So, in conclusion, your brain is designed to use sleep – specifically around 8 hours-worth of sleep per night – in order to build memories and ensure you’re ready to absorb new information the following day.

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Tips on Getting a Better Night’s Sleep

  • Stick to a strict sleep schedule: You should create a sleep schedule, and stick to it! Aim to set a bed-time and wake-up time that you can follow each day, ensuring it allows you to get the recommended 8 hours sleep per night. You can even set an alarm for bed-time if required.
  • Don’t exercise too late: Exercise is great, and you should ensure you’re getting at least 30 minutes per day, but it’s also important to time your exercise correctly. Try to time your exercise so it’s no later than 2-3 hours before your set bed-time (Remember Tip 1!)
  • Avoid caffeine and nicotine: Coffee, teas, cola drinks, and chocolate all contain caffeine, which is a stimulant that can have an effect on your sleep, even if they’re consumed in the afternoon. Trying to cut this down/out can improve your sleep, allowing you to feel better rested and get a good night’s sleep. Nicotine is another example of a mild stimulant, and smokers will often wake up earlier than they would otherwise, due to nicotine withdrawal.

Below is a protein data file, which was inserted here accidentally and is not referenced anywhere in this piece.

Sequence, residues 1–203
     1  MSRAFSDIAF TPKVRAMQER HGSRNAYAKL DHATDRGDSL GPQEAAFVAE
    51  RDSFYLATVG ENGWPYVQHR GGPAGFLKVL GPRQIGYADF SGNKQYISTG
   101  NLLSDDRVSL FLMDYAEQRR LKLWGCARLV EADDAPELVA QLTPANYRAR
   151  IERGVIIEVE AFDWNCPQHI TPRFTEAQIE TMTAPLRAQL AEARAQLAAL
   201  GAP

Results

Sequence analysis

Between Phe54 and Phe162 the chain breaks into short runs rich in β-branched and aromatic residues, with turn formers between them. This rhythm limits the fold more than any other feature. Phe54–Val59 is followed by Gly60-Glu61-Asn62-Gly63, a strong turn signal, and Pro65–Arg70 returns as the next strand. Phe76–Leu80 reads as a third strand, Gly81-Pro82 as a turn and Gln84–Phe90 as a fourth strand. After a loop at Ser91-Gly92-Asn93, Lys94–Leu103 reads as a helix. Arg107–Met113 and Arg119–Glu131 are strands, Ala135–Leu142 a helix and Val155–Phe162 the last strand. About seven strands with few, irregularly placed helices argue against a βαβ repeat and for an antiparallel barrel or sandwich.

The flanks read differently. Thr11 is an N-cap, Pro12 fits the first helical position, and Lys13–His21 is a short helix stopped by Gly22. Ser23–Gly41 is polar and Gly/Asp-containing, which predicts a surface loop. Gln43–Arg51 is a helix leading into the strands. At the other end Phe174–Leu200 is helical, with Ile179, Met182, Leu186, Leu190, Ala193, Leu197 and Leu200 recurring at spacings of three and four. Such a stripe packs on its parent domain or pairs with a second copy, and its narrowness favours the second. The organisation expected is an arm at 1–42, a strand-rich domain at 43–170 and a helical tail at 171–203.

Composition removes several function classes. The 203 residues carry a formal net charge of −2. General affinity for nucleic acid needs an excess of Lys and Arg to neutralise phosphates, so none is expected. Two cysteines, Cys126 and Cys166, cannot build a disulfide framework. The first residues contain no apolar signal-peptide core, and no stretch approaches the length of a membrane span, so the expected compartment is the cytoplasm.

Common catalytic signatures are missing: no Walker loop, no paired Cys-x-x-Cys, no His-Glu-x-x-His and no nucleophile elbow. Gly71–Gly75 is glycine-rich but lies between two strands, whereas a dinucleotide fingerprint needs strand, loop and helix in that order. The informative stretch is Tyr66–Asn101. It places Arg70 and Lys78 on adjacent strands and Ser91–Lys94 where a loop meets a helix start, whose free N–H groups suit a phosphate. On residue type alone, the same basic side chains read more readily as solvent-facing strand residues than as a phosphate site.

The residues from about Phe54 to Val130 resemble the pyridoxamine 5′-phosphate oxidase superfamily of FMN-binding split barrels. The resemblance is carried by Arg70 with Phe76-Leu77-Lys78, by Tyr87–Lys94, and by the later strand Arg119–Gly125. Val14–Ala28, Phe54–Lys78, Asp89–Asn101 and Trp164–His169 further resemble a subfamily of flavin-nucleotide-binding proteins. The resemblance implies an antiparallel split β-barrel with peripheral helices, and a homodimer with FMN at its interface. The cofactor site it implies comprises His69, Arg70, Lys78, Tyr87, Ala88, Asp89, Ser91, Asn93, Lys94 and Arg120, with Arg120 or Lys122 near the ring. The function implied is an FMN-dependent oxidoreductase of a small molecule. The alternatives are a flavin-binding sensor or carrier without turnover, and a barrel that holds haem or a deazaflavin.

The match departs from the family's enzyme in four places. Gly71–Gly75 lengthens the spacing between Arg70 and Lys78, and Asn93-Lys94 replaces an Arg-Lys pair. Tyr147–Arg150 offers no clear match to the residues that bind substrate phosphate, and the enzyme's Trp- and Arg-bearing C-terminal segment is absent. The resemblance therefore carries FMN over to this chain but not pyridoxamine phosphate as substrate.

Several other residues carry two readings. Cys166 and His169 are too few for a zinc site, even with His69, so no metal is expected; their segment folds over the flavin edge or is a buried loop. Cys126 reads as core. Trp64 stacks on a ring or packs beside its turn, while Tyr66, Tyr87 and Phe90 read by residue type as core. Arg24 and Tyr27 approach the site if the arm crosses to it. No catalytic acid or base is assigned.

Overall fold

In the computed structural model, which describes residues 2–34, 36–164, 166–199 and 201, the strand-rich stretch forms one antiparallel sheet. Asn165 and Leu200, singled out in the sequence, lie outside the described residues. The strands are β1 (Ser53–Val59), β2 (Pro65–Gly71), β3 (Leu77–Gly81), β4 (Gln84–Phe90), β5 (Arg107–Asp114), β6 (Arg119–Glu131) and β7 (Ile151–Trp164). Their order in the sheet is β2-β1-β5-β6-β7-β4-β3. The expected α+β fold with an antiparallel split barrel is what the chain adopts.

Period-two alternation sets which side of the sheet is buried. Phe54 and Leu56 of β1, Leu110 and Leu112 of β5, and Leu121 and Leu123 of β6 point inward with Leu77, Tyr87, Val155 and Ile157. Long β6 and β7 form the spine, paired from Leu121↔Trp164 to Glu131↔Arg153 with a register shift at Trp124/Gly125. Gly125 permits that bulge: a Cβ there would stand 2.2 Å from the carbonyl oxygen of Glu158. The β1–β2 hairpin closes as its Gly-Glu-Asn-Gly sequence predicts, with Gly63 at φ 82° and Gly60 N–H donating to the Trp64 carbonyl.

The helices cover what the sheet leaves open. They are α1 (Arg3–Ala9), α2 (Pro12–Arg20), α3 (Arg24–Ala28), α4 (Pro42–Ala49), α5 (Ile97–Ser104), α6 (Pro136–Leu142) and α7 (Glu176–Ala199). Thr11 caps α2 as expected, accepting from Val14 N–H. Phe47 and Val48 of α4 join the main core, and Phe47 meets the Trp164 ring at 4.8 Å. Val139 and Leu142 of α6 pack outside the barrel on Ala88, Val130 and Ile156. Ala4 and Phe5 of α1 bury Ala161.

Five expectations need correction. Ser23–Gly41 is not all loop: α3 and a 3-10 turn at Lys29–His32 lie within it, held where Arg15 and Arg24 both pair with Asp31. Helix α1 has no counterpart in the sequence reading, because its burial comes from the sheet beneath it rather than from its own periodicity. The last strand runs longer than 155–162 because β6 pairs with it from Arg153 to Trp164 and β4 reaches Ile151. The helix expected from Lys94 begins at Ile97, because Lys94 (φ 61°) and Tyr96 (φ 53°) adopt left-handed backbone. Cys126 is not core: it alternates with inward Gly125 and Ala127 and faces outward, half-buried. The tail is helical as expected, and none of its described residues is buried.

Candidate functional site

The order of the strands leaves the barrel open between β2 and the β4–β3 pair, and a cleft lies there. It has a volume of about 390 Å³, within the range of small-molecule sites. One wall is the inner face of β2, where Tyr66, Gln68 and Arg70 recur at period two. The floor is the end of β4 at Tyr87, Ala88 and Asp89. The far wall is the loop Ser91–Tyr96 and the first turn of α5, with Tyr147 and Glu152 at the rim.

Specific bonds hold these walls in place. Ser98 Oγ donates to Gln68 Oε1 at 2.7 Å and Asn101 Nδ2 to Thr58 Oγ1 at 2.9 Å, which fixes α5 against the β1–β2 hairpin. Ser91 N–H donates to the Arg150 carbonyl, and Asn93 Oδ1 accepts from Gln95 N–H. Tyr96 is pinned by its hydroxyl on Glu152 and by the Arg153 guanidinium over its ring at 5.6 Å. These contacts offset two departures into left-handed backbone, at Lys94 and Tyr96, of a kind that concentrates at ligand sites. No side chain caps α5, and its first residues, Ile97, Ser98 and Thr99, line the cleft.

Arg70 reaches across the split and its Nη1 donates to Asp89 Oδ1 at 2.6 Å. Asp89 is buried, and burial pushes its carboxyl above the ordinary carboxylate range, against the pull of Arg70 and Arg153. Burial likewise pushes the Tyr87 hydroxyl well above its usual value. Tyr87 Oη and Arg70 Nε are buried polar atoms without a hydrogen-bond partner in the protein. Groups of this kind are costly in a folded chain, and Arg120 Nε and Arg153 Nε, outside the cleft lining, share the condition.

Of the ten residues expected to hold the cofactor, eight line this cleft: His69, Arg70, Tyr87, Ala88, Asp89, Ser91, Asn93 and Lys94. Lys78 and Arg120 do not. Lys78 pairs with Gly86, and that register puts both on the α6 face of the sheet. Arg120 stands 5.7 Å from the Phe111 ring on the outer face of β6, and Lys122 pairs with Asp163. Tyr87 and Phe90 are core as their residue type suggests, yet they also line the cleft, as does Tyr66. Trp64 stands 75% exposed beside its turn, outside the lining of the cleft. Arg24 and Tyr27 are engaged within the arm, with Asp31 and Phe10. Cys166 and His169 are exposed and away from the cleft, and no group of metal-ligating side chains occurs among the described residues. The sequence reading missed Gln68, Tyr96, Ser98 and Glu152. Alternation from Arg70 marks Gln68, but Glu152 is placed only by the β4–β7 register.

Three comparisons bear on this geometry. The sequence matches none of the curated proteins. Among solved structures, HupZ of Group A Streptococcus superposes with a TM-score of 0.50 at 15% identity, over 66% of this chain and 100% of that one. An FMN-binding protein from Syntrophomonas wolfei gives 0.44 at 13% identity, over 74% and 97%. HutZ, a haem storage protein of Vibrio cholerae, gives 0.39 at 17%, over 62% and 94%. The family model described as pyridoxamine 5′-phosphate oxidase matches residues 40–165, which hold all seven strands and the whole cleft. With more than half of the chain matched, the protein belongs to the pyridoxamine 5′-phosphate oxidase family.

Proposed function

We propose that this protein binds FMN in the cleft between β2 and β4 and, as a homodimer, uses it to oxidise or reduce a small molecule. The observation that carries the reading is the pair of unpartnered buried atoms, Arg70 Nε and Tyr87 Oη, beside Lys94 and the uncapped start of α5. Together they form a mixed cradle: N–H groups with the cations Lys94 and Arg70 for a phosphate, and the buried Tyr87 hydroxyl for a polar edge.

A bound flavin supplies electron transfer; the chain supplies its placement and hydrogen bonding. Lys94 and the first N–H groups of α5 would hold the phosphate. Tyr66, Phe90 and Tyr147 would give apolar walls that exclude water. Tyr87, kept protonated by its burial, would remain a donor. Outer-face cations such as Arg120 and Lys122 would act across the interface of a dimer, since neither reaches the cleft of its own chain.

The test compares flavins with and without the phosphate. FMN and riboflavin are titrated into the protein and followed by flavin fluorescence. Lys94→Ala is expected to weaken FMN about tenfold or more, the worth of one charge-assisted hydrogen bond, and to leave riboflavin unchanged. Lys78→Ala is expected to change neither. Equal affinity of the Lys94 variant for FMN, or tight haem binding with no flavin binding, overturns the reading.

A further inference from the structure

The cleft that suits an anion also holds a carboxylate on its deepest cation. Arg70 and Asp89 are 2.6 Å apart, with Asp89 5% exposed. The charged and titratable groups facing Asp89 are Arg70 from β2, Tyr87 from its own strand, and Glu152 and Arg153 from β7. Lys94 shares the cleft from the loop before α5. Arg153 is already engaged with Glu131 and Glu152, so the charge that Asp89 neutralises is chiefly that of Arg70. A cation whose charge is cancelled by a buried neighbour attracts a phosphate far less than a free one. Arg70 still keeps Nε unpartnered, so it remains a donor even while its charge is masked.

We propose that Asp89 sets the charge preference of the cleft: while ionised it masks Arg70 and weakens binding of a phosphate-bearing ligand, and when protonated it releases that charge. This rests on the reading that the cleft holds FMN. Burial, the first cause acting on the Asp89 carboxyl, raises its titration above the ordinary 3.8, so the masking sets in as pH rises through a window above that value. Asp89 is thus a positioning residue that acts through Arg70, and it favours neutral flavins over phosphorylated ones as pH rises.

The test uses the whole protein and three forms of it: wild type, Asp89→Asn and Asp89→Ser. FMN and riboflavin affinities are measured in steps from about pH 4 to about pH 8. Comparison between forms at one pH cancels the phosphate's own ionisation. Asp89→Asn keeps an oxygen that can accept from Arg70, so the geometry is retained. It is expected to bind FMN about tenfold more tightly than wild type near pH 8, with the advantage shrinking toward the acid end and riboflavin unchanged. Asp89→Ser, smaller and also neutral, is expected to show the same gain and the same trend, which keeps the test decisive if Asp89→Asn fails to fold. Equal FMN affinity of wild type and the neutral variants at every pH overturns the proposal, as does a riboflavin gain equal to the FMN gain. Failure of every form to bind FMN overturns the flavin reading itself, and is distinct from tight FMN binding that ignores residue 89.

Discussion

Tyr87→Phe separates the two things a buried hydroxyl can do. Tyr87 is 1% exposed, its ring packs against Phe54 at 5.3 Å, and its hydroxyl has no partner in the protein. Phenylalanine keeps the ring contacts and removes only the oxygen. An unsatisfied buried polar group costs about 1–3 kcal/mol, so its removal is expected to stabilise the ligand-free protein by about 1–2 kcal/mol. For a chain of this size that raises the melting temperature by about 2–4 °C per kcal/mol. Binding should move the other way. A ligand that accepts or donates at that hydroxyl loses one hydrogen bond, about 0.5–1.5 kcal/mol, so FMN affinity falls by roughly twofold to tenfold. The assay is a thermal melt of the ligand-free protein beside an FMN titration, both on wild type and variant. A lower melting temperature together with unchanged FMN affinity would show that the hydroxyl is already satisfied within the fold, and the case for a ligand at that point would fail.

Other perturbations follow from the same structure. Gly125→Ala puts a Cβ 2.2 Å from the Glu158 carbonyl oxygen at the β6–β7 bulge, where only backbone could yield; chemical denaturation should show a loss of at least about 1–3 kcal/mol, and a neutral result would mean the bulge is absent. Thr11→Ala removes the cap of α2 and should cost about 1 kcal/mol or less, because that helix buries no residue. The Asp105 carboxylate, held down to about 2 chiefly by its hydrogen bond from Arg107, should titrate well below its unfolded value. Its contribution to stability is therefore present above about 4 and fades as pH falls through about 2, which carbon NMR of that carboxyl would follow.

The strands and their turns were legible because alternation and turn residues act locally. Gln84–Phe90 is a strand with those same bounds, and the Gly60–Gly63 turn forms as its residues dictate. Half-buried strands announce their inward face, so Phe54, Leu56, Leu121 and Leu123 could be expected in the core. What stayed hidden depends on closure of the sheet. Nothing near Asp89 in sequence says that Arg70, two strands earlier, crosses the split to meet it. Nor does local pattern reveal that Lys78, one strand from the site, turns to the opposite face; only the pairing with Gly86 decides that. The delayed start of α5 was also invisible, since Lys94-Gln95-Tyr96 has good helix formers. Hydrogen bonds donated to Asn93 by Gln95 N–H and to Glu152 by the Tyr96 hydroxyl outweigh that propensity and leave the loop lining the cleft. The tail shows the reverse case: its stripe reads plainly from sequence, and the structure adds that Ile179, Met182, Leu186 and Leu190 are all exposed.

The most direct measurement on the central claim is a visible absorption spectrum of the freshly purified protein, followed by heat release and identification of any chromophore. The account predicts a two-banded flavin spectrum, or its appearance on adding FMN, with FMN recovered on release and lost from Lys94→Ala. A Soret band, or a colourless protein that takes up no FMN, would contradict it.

Andrew Chell is Loughborough’s leading, accredited landlord for student housing. Andrew owns a number of high quality student houses within walking distance of Loughborough University and College, and has been working within this industry for a number of years.

The opinions and views expressed in this guest blog do not necessarily reflect those of www.rtor.org or its sponsor, Laurel House, Inc. The author and www.rtor.org have no affiliations with any products or services mentioned in this article or linked to herein.